The OP asks,
how to express healthy curiosity, unambiguously?
The OP assumes that curious, meaning a desire to learn, is neutral. I disagree. Curious (in this meaning) can be positive, neutral, mildly negative or very negative. Which will be conveyed by the context, if written or the tone, if spoken.
There is no single word, which by itself, will unambiguously express a healthy desire to learn. If written, the context must clarify what is meant by curious. If spoken, the tone and manner will clarify what is meant.
For example (written):
Jane wants to major in physics. She will succeed because she is good
at math, and, more importantly, because she is curious about
This is very different from writing:
Jane is curious; she never smiles.
"How curious you are!"
This statement can be approving or disapproving, depending on the tone. If spoken coldly with a disdainful expression on her face, the speaker is saying: "How nosy you are!" If said with a pleasant laugh it can mean "How odd you are!", and if said with an unpleasant laugh it can mean "How nosy you are!" If the speaker means it as a compliment, she will probably add something: "How curious you are! You are interested in everything!"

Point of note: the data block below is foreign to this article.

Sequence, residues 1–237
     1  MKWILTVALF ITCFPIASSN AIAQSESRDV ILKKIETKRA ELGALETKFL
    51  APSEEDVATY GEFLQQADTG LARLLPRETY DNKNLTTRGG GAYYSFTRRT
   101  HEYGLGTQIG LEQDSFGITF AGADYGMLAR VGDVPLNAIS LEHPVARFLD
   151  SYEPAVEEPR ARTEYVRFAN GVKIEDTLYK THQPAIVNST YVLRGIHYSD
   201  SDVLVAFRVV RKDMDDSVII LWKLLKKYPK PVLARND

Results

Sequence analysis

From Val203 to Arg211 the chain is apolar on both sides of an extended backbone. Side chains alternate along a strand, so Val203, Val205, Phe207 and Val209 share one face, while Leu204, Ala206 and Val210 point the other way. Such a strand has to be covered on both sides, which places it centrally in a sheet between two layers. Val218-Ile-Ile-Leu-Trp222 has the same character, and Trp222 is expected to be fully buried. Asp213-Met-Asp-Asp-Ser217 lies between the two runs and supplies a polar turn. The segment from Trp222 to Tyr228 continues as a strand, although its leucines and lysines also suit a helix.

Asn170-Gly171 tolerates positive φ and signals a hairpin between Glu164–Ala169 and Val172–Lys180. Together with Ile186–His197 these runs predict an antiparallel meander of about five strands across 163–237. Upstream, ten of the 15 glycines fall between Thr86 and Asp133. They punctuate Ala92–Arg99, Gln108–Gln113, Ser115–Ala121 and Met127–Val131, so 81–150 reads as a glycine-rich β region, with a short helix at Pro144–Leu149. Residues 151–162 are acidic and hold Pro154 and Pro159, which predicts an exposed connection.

The OED says, of curious:
Desirous of seeing or knowing; eager to learn; inquisitive. Often with
condemnatory connotation: Desirous of knowing what one has no right to
know, or what does not concern one, prying. (The current subjective
The OED also has a definition of curious meaning odd, but the principal ambiguity in speech will be between healthy curiosity and nosiness.